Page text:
In step S26, the history manager 6 determines if the list of best paths is already calculated for the current node. If yes, the history manager 6 provides the list to the slave's part of the beam steering functional component 4 in step S28 and proceeds to step S30. If no, the history manager 6 directly proceeds to step S30. Alternatively, in the latter case, the history manager 6 may provide a list to the beam steering functional component 4 of the slave 2 indicating that all paths are “equally good” and then proceed to step S30.

In step S30, the history manager 6 determines whether the current snapshot is the same as the last n snapshots. If yes, the history manager 6 enters the steady state, the current snapshot becomes the steady state snapshot and the history manager 6 returns to step S14. If no, the history manager 6 proceeds to step S32.

In step S32, the history manager 6 determines whether the maximum path state sequence length is reached. If yes, the history manager 6 enters the unsteady state and returns to step S10. If no, the history manager 6 proceeds to step S34.

In step S34, at first, a new snapshot, which becomes the current snapshot, is determined by the history manager 6. Then, the history manager 6 determines whether the current snapshot is one of the child nodes of the current node. If yes, the history manager 6 proceeds to step S38, if no the HM proceeds to step S36.

In step S36, the history manager 6 creates a child node of the current node, whereby the created child node corresponds to the current snapshot, initializes the counter of the created child node and proceeds to step S40.

In step S38, the history manager 6 increment the counter of node corresponding to the current snapshot and proceeds to step S40.

In step S40 the history manager 6 calculates the list of best paths of the current node, stores the list and proceeds to step S42.

In step S42, the history manager 6 goes to the child node corresponding to the current snapshot. In other words, the child node corresponding to the current snapshot becomes the current node. After this, the history manager 6 returns to step S26.

Periodically, the beam steering functional component 4 of the slave 2 calculates (updates) a path preference list based on the most recent list of best paths. The path preference list comprises information indicating in which order communication paths are to be used when establishing a new communication link or when trying to uphold a communication link when an ongoing communication link is interrupted due to a blockade of the used communication path. The communication paths are ordered according to their estimated ability to support the communication link. Hereby, the communication path which is estimated to be best is first in the list. The order is based on the list of best paths, the channel quality/other path state information (e.g. current and/or historical signal attenuation, bandwidth and/or QoS parameters) and, eventually, communication link requirements (e.g. bandwidth, QoS parameters) specific to the communication link in question (requirements may be set by user or higher protocol layers). When the path preference list is updated, the slave 2 sends the list (or information necessary to update the list) to the master 1 (path preference list is transferred from the beam steering functional component 4 of the slave 2 to the beam steering functional component 4 of the master 1). Sending the path preference list may be omitted when the updated list is the same as the previous list.

Next, use of the path preference list is explained. The use is the same in case of establishing a communication link and in case of upholding (reestablishing) a communication link. As explained above, the master 1 and the slave 2 do determine the communication path state independently from each other. Let a first, a second and a third superframe be three successive superframes. When the master 1 or the slave 2 detects in the first superframe that the currently employed communication path is blocked, it switches to the next path of the path preference list, which will then be used for communication in the second superframe (In case that no path switching has been performed based on the currently available path preference list, the currently employed communication path is the first path of the path preference list, i.e. the first path of the path preference list is tried first). However, a communication path must remain fixed for at least two superframes. As the master 1 and the slave 2 perform path switching independently, one may switch while the other does not, which results in failing communication in the second superframe. This causes the device which has not yet switched to switch to the next path in the list. Thus, in the third superframe, the master 1 and the slave 2 will have set the same communication path. Of course, when both master 1 and slave 2 do detect that the currently employed communication path is blocked in the first superframe, both will switch to the next path of the path preference list in the second superframe and will consequently, have set the same communication path already in the second superframe. Switching of paths is continued until the communication link is (re)established, whereby the path preference list may be reused cyclically. However, if the communication link can not be (re)established within a given amount of time or if a given number of cycles of the path preference list is reached, the communication link is deemed broken. The path switching in the master 1 and the slave 2 is controlled by the beam steering functional component 4 of the master 1 and the slave 2, respectively.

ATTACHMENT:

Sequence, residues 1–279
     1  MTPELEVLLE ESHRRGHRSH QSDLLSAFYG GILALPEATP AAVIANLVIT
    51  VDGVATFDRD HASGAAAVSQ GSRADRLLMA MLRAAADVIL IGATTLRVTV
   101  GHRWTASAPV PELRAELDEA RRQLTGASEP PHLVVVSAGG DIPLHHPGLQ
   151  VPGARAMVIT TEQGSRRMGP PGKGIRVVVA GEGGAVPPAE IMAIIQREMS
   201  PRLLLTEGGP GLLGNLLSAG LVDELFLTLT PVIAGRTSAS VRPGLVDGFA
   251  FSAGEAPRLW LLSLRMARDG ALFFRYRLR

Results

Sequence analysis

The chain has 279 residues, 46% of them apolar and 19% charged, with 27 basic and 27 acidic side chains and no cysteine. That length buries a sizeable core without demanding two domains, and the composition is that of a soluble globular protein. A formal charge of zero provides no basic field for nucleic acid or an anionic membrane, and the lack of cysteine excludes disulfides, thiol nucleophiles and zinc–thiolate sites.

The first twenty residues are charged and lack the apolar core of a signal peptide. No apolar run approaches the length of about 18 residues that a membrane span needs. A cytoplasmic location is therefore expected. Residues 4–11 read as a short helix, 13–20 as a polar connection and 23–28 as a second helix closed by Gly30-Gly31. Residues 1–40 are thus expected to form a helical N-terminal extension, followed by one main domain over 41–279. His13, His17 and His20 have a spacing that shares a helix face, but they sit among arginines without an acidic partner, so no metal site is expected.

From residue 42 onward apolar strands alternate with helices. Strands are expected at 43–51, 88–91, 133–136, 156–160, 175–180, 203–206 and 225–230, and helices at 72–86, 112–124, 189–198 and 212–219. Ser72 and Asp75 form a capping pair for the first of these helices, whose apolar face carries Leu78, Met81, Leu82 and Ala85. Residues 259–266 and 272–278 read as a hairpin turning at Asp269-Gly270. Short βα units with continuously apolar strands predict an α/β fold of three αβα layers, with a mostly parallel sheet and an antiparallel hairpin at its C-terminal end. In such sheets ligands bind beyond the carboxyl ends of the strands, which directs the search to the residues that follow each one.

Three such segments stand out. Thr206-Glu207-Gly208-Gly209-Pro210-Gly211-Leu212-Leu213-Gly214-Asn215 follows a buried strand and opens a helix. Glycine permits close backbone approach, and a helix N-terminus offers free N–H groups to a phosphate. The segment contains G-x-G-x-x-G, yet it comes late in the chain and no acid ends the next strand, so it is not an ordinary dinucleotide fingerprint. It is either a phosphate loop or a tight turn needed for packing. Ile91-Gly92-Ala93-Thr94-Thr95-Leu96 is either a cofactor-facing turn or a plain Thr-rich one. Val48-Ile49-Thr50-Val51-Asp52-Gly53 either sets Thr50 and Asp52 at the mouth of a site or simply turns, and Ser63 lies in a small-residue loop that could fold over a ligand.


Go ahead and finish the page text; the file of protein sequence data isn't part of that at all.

FIG. 5 shows an example of four sequences 18-1 to 18-4. The sequence 18-1 is obtained by walking the way W1, the sequence 18-4 is obtained by walking the way W2, and the sequences 18-2 and 18-3 are obtained by walking the way W3. FIG. 6 shows the human 3 moving along the way W3 in two manners, differing in the speed the way is taken, thereby obtaining the sequences 18-2 and 18-3. Going back to FIG. 5. Every node 20 comprises the corresponding path state snapshot, showing the communication paths with their status. Every node 20 except the leaf nodes 20-7, 20-12, 20-17, 20-23 comprises the corresponding list of best paths. The value indicating the frequency of occurrence is not shown in FIG. 5. The sequences 18 have a common root node (starting snapshot) 20-1 with path P1 blocked and paths P2, P3 and P4 not blocked. Only paths P3 and P4 are not blocked in all of the child nodes 20-2, 20-8 and 20-13, therefore only paths P3 and P4 are recommended in the list of best paths of the root node 20-1. Paths P2, P3, and P4 are not blocked in any of the descendant nodes 20-3, 20-4, 20-5, 20-6 and 20-7 of the node 20-2 but path P1 is blocked some descendant nodes, therefore paths P2, P3 and P4 are recommended in the list of best paths of the node 20-2 and path P1 is not.

After a change of the orientation of the master 1 and/or the slave 2, blocked path events will occur in different sequences, since different communication paths will be established between master 1 and slave 2. This may, for example, be detected by movement/acceleration sensors with which the master 1 and slave 2 may be equipped and/or by detecting the modified physical properties of the communication paths. After detection of a different path set or a modified orientation, the recorded path states and the calculated lists of best paths are cleared and have to be re-established.

The present invention was explained with reference to a specific embodiment, this is by way of illustration only and it will be readily apparent to the those skilled in the art that various modifications may be made therein without departing from the scope of the following claims.